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is there any sex in heaven?

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want-jannah

I’ve been reading Edward Gibbon’s Decline and fall of the Roman Empire off and on for years now, and still nowhere near finished, but today I was reading his account of the life of Mohammed and the rise of Islam. Gibbon makes an attempt to sympathetically explain Mohammed in both historical and religious terms, and tries to flesh out his metaphysics and his concept of the deity, the sort of stuff that tends to make my eyes glaze over – and my boredom and irritation are compounded by the fact that Gibbon never provides primary sources for his often idiosyncratic character sketches, anecdotes and interpretations.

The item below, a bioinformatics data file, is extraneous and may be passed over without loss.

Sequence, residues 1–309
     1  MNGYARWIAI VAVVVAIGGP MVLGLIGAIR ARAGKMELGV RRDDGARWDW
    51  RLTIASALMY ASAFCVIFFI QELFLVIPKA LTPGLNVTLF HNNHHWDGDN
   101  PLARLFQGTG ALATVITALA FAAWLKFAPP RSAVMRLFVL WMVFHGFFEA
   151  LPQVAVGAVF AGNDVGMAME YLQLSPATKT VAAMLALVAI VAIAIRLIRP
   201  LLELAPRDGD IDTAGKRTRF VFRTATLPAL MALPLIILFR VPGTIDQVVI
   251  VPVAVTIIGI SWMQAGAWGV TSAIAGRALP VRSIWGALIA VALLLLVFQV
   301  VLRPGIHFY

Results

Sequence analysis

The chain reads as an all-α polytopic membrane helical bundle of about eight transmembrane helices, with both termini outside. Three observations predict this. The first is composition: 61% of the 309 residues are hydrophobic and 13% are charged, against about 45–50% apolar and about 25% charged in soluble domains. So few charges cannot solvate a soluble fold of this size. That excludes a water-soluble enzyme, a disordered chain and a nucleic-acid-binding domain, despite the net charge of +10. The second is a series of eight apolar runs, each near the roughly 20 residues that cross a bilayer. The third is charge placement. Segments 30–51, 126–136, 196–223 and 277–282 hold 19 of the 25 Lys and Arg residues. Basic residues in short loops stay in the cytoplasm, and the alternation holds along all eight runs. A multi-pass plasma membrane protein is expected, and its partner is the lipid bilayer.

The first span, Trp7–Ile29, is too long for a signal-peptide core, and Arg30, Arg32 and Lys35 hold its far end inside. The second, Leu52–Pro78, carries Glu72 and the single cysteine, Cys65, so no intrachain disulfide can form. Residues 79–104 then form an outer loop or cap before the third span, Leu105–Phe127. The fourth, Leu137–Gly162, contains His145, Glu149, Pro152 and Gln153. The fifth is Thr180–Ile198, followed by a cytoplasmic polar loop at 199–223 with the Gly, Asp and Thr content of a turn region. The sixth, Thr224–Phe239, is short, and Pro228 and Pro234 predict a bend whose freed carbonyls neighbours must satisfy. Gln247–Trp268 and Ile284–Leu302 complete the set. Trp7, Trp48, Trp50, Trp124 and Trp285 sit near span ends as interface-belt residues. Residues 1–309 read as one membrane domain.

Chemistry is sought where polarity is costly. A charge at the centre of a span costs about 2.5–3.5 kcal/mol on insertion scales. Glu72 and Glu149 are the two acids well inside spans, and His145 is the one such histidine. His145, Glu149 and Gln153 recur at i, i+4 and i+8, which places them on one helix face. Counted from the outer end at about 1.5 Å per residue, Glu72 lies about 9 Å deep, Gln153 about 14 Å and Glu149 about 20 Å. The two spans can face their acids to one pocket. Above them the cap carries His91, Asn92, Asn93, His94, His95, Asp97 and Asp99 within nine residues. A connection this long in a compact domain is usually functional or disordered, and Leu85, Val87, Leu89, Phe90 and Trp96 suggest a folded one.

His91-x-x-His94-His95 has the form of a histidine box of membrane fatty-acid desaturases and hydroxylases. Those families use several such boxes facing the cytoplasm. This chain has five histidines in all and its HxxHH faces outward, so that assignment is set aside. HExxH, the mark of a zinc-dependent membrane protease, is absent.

However, I was mildly amused this time. As with Jesus, the portrait of Mohammed is – well, just a wee bit idealized:

According to the tradition of his companions, Mohammed was distinguished by the beauty of his person… They applauded his commanding presence, his majestic aspect, his piercing eye, his gracious smile, his flowing beard, his countenance that painted every sensation of the soul, and his gestures that enforced each expression of the tongue….